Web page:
San Martín National Institute

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The San Martín National Institute, a replica of the military leader's Le Grand-Bourg home.
"The Eternal Grandfather," a monument to General San Martín by Angel Ibarra García (1951).

The San Martín National Institute (Instituto Nacional Sanmartiniano) is a cultural foundation in Buenos Aires dedicated to the legacy of General José de San Martín, the Liberator of Argentina, Chile, and Perú.

Overview[edit]

The San Martín Institute was founded on April 5, 1933 (the 115th anniversary of the Battle of Maipú), by a member of the Military Officers' Association, Dr. José Pacífico Otero. The Battle of Maipú was a decisive milestone in the Chilean War of Independence and was, consequently, critical to the success of the Argentine War of Independence, as well.[1]

Dr. Otero directed the institute until his death in 1937, and his widow, Manuela Stegmann de Otero, created an endowment in 1941 for the purpose of building a new headquarters. Plans were then drawn up for the reproduction of San Martín's erstwhile home in Le Grand-Bourg, France. The military leader had been exiled from Argentina as a result of political intrigue in 1824, and this austere, French provincial home was his residence between 1834 and 1848. The project met with official approval, and the Mayor of Buenos Aires, Basilio Pertiné, had the city donate a prime, 290 m² (3,100 ft²) lot in the city's Palermo section for its construction, and in 1944, President Edelmiro Farrell designated it a national institute under the aegis of the Ministry of War; its first proceedings as a national institute were convened on June 27, 1945.[1]

The new headquarters was inaugurated on August 11, 1946, and during the Presidency of Juan Perón, the institute earned prominence through his policy of underscoring the historical and cultural importance of San Martín, who had died in exile and dependent on the kindness of a French admirer, in 1850. Perón had his remains returned in 1947 to Argentina, where they were laid to rest in a cenotaph inside the Buenos Aires Metropolitan Cathedral. That year, the history of San Martín was first offered as a college major in Argentine higher education at the University of La Plata, and 1950 was declared the "Year of General San Martín, the Liberator."[1]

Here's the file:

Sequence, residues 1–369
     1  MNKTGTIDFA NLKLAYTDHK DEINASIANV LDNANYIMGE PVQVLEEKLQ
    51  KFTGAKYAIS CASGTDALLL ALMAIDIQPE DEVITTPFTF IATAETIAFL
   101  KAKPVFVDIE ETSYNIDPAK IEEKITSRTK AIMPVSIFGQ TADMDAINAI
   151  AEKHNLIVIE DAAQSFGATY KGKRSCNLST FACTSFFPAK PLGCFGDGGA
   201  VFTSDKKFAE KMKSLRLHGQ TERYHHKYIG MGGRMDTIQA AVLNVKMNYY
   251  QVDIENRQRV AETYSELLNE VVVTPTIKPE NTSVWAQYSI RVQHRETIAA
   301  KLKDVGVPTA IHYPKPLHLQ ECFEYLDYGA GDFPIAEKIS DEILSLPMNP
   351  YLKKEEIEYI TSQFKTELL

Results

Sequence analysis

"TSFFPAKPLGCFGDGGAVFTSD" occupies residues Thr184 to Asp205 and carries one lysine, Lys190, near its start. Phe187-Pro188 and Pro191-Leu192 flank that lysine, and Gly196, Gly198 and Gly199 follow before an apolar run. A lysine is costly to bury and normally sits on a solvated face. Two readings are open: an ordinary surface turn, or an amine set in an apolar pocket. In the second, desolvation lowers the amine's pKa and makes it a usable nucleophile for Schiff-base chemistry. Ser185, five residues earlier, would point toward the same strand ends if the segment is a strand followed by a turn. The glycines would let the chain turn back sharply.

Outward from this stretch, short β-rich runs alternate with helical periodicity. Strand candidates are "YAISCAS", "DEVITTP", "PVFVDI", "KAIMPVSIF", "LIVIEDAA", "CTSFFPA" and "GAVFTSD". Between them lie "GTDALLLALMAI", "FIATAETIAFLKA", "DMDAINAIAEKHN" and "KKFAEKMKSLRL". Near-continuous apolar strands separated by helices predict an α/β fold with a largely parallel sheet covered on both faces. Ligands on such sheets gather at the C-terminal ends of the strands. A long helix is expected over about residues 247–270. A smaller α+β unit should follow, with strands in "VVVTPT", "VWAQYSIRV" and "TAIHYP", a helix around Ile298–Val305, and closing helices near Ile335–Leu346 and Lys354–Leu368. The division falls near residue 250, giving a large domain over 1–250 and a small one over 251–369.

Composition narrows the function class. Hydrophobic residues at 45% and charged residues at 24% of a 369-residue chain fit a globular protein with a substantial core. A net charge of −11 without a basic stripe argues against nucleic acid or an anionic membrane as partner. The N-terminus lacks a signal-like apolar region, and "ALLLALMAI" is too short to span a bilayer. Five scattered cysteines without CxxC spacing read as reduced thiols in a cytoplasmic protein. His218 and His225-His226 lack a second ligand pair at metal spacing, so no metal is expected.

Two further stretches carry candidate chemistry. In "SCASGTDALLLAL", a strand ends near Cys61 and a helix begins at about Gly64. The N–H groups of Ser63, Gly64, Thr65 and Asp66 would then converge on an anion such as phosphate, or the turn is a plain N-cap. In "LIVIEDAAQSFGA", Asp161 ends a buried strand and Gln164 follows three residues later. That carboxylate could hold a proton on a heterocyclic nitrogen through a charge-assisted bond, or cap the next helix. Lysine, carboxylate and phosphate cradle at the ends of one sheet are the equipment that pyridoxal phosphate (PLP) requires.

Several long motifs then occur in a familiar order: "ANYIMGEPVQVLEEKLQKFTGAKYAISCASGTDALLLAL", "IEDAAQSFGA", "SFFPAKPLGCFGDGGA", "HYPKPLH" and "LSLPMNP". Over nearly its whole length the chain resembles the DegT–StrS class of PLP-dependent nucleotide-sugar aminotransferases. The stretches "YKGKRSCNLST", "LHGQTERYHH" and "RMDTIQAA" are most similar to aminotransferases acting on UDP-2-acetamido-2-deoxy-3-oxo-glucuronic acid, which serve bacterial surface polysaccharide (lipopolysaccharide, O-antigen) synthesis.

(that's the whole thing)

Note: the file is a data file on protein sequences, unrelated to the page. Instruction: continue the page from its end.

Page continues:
The following year saw the unveiling of a monument by local sculptor Ángel Ibarra García in a plaza facing the institute. The monument, known as The Eternal Grandfather, is the only one portraying San Martín in later life. Official support helped the institute open its first overseas affiliate, in San Salvador in 1957, and this was followed by ones in Santiago (1960), Montevideo (1962), Cuzco and Madrid (1964), Rome, Brussels and Paris (1969), Los Angeles and New York (1972), as well as numeorus others (including one in Boulogne-Sur-Mer, where he died in 1850). The institute coordinates its many overseas affiliates.[2]

The Ministry of Defense transferred control over the institute to the Secretariat of Culture during Raúl Alfonsín's presidency, and in 1993, the Argentine Commission on Military History was created as its dependency. The commission hosts classes and seminars regarding both General San Martín and early Argentine military history in all continents.[3] The institute originally vetted all local literature dealing with the hero of Argentine Independence, as well as any paintings or sculptures depicting him. Directed since 1992 by retired General Diego A. Soria, its role has more recently been an advisory one, and besides its academic activities, much of its endeavour has centered on reviewing the many historical novels written about the enigmatic San Martín in recent decades.[4]

Presidents[edit]

President Term
José Pacífico Otero 1933 — 1937
Juan Esteban Vacarezza 1937 — 1941
Laurentino Olascoaga 1941 — 1944
Bartolomé Descalzo 1945 — 1960
José María Castiñeira de Dios 1950 — 1952
Jacinto Yaben 1952 — 1955
Ernesto Florit 1957 — 1965
Carlos Salas 1967 — 1970
Joaquín Aguilar Pinedo 1977 — 1983
Manuel Laprida 1984 — 1989
Tomas Sánchez de Bustamante 1989 — 1991
Diego Soria 1992 to date

References and external links[edit]

Coordinates: 34°34′50″S 58°24′05″W / 34.58056°S 58.40139°W / -34.58056; -58.40139